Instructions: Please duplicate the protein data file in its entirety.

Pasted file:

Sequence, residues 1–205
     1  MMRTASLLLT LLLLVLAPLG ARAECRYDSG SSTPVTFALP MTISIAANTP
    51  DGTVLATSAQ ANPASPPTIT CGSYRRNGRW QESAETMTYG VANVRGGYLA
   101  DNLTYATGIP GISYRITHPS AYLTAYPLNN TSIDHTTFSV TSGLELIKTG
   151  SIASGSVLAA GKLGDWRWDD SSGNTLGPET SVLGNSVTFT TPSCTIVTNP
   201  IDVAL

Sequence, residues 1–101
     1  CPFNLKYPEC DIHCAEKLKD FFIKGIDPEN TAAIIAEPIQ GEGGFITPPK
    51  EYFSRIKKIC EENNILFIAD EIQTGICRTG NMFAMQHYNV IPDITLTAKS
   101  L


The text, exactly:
Sequence, residues 1–205
     1  MMRTASLLLT LLLLVLAPLG ARAECRYDSG SSTPVTFALP MTISIAANTP
    51  DGTVLATSAQ ANPASPPTIT CGSYRRNGRW QESAETMTYG VANVRGGYLA
   101  DNLTYATGIP GISYRITHPS AYLTAYPLNN TSIDHTTFSV TSGLELIKTG
   151  SIASGSVLAA GKLGDWRWDD SSGNTLGPET SVLGNSVTFT TPSCTIVTNP
   201  IDVAL

Sequence, residues 1–101
     1  CPFNLKYPEC DIHCAEKLKD FFIKGIDPEN TAAIIAEPIQ GEGGFITPPK
    51  EYFSRIKKIC EENNILFIAD EIQTGICRTG NMFAMQHYNV IPDITLTAKS
   101  L